PRION DISEASES

Prion is a protein without genetic material.    

Prions are tiny proteins in your brain that do not act the way they should. They fold over the wrong way, spread, and then cause other proteins to form the same incorrect shape. These badly shaped prions build up and form clumps in your brain. Then they kill neurons or brain cells that control your memory, balance, and movement.

  

Your immune system cannot fight them off, therefore, more healthy cells die.    

If the prion is folded abnormally, it affects the structure of the brain and causes deadly diseases. Creutzfeldt-Jakob disease (CJD) is the most common. It usually affects people around age 60. Variant Creutzfeldt-Jakob disease can affect younger adults. Such

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diseases spread rapidly and are usually fatal. They do not replicate in the host but stimulate abnormal behavior in the body cells.  

If the prion is folded abnormally, it affects the structure of the brain and causes deadly diseases. Creutzfeldt-Jakob disease (CJD) is the most common. It usually affects people around age 60. Variant Creutzfeldt-Jakob disease can affect younger adults. Such diseases spread rapidly and are usually fatal. They do not replicate in the host but stimulate abnormal behavior in the body cells.  

TYPES OF PRION DISEASES

 

  • CJD. A person can inherit this condition, in which case it's called familial CJD. Sporadic CJD, on the other hand, develops suddenly without any known risk factors. Most cases of CJD are sporadic and tend to strike people around age 60. Acquired CJD is caused by exposure to infected tissue during a medical procedure, such as a cornea transplant. Symptoms of CJD (see below) quickly lead to severe disability and death. In most cases, death occurs within a year. 

  • Variant CJD. This is an infectious type of disease that is related to “mad cow disease.” Eating diseased meat may cause the disease in humans. The meat may cause normal human prion protein to develop abnormally. This type of disease usually affects younger people. 

  • Variably protease-sensitive prionopathy (VPSPr). This is also extremely rare, it is similar to CJD but the protein is less sensitive to digestion. It is more likely to strike people around age 70 who have a family history of dementia. 

  • Gerstmann-Sträussler-Scheinker disease (GSS). Extremely rare, but occurs at an earlier age, typically around age 40. 

  • Kuru. This disease is seen in New Guinea. It's caused by eating human brain tissue contaminated with infectious prions. Because of increased awareness about the disease and how it is transmitted, kuru is now rare.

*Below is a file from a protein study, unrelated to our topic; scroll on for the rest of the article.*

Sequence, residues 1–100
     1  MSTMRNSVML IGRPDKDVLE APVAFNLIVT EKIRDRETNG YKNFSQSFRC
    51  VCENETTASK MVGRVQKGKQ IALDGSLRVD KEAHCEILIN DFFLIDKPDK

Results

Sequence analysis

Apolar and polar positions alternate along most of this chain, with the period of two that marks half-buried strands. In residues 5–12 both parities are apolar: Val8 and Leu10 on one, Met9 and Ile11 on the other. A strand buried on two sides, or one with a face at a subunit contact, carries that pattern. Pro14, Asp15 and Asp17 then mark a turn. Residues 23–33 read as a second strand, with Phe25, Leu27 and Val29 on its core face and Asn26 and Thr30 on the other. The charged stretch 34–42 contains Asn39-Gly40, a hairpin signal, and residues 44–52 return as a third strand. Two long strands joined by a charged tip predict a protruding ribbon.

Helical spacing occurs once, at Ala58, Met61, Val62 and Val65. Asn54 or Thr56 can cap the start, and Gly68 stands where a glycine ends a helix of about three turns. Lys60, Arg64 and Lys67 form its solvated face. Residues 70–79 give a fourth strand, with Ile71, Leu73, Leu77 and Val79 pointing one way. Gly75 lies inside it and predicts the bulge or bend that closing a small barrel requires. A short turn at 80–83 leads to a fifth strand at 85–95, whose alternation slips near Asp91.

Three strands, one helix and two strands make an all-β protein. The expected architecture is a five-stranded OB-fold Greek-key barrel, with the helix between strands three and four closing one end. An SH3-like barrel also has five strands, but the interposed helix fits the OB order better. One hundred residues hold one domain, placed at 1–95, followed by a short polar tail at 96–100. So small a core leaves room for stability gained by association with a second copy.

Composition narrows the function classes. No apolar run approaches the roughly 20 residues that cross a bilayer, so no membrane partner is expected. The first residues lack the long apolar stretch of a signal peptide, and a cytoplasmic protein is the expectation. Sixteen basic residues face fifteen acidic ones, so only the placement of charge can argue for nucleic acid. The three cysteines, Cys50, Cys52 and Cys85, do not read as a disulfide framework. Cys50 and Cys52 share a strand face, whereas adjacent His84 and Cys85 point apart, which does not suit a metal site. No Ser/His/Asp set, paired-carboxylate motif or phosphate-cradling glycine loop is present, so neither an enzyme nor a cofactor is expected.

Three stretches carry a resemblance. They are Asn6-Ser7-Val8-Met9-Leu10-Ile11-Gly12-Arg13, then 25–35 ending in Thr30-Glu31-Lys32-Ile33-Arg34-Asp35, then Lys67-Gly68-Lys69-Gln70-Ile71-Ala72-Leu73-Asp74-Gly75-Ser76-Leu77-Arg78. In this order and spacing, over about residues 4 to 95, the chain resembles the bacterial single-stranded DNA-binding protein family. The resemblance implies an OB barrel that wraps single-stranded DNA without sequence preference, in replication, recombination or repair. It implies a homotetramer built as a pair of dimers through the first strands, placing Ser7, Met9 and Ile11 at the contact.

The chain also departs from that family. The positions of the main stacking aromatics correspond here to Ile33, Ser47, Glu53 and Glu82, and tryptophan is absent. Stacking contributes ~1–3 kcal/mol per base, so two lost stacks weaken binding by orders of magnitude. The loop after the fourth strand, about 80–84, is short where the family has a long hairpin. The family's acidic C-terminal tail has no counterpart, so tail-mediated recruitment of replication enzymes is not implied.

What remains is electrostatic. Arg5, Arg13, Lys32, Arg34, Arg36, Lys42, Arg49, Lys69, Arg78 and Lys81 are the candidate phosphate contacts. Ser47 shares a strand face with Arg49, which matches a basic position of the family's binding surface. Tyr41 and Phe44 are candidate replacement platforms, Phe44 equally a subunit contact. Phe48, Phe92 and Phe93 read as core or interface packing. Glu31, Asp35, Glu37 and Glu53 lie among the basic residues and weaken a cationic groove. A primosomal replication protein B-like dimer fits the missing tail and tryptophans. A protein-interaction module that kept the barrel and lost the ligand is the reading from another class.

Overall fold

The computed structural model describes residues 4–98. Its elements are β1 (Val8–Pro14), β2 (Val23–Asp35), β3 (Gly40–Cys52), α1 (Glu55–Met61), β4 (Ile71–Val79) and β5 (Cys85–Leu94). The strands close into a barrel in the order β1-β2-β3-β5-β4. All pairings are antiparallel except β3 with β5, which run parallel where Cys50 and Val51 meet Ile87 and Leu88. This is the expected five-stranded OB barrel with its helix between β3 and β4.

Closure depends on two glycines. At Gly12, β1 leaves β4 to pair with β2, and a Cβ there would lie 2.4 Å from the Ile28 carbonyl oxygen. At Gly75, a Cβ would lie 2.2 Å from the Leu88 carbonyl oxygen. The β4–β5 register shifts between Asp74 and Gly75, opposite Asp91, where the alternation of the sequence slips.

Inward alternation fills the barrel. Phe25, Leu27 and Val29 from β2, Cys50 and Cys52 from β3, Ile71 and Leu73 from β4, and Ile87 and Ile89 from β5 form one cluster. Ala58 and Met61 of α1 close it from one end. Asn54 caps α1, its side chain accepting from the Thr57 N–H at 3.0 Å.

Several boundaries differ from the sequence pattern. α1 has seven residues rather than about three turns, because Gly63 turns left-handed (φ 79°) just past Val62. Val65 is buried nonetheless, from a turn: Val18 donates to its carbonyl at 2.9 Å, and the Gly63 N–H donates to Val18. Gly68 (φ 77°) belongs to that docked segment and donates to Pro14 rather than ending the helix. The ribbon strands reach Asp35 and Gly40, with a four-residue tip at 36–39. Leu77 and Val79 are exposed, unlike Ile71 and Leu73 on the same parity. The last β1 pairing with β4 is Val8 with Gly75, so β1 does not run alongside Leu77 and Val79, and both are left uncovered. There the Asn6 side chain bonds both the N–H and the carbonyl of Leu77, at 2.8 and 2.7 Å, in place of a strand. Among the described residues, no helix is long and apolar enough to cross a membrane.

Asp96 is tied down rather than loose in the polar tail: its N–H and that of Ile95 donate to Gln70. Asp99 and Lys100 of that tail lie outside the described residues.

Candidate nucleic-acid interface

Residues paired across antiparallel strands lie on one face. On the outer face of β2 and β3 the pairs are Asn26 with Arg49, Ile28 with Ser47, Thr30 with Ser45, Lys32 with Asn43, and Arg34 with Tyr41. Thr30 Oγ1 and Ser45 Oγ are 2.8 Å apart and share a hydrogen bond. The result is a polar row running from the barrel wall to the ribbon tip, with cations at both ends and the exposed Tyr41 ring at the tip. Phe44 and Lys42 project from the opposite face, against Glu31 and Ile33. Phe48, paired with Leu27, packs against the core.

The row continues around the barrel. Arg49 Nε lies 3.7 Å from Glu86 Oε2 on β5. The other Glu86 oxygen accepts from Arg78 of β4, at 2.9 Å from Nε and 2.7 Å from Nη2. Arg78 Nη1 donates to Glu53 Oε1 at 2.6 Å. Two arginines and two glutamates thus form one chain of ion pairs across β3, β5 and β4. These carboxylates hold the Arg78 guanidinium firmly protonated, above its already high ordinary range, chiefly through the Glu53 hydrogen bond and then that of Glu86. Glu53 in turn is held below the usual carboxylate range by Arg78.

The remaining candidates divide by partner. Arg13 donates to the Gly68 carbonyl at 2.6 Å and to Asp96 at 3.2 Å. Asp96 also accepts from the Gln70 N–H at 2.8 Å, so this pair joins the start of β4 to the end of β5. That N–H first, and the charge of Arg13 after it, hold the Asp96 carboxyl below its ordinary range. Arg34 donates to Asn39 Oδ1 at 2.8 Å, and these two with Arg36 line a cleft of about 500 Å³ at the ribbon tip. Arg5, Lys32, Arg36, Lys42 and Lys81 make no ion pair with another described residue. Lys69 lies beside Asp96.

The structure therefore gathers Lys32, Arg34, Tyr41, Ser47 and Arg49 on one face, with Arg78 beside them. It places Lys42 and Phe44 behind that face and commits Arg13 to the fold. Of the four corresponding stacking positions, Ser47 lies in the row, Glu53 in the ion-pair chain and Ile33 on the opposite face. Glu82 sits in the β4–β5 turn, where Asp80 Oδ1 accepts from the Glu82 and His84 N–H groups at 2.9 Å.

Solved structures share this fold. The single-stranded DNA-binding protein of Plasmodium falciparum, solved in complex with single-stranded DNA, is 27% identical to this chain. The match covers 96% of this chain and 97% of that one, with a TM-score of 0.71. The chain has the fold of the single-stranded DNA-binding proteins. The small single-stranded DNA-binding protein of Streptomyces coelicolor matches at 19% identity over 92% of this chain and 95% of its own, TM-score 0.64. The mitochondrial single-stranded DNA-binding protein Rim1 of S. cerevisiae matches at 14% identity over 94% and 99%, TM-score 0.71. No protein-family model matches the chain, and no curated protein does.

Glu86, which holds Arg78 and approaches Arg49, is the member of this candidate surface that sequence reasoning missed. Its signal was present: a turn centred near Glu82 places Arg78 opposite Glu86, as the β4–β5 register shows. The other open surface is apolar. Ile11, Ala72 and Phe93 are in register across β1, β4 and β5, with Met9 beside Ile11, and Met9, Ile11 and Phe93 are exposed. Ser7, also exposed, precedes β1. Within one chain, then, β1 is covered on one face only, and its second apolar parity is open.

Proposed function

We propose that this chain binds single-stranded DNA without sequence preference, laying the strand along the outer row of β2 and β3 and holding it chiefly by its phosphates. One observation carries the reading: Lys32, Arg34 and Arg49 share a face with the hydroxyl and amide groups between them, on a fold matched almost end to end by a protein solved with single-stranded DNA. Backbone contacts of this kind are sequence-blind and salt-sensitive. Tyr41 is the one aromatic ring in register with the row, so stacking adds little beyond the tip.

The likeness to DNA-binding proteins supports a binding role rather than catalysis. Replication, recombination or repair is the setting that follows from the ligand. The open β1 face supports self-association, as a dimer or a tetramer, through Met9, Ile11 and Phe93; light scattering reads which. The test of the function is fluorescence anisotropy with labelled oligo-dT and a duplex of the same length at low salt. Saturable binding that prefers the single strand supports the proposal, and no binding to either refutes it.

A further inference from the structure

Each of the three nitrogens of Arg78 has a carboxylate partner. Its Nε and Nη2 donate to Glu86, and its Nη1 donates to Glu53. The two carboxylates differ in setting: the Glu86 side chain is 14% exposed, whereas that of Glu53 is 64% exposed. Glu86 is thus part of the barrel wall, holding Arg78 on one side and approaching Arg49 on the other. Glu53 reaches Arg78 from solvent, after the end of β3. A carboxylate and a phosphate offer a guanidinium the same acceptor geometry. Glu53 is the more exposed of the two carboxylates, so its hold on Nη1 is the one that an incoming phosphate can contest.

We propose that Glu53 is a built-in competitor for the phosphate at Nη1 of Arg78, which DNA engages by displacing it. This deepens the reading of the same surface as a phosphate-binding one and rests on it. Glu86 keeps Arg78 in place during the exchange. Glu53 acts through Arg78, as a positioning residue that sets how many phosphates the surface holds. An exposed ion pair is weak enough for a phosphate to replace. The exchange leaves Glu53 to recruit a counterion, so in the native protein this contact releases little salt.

• Fatal insomnia (FI). A rare hereditary disorder causing difficulty sleeping. There is also a sporadic form of the disease that is not inherited. 

 

SYMPTOMS

 

Signs of prion diseases include sudden changes in your mood, memory, and movement, including:   

  • Anxiety or depression   

  • Balance problems   

  • Behavior or personality changes   

  • Dementia   

  • Memory loss   

  • Muscle control loss, like sudden jerks or twitches   

  • Seizures   

  • Slurred speech   

  • Trouble swallowing   

  • Unsteady walk   

  • Vision problems 

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HOW ARE PRION DISEASES DIAGNOSED?  

 

Prion diseases are confirmed by taking a sample of brain tissue during a biopsy or after death. Healthcare providers, however, can do a few prior tests to help diagnose prion diseases such as CJD or to rule out other diseases with similar symptoms. Prion diseases should be considered in all people with rapidly progressive dementia. 

The tests include: 

  • MRI (magnetic resonance imaging) scans of the brain 

  • Samples of fluid from the spinal cord (spinal tap, also called a lumbar puncture) 

  • Electroencephalogram, which analyzes brain waves; this painless test requires placing electrodes on the scalp 

  • Blood tests 

  • Neurologic and visual exams to check for nerve damage and vision loss 

TREATMENT  

 

Prion diseases cannot be cured, but certain medicines may help slow their progress. Medical management focuses on keeping people with these diseases as safe and comfortable as possible, despite progressive and debilitating symptoms. 

 

CAN PRION DISEASES BE PREVENTED?  

 

Properly cleaning and sterilizing medical equipment may prevent the spread of the disease. If you have or may have CJD, do not donate organs or tissue, including corneal tissue. 
Newer regulations that govern the handling and feeding of cows may help prevent the spread of prion diseases. 

 

LIVING WITH PRION DISEASES  

 

As prion diseases progress, people with these diseases need help taking care of themselves. In some cases, they may be able to stay in their homes, but they eventually may need to move to a care facility. 

 

KEY POINTS ABOUT PRION DISEASES  

 

  • Prion diseases are exceedingly rare. 

  • Symptoms can progress rapidly requiring help with daily needs. 

  • Prion diseases are always fatal.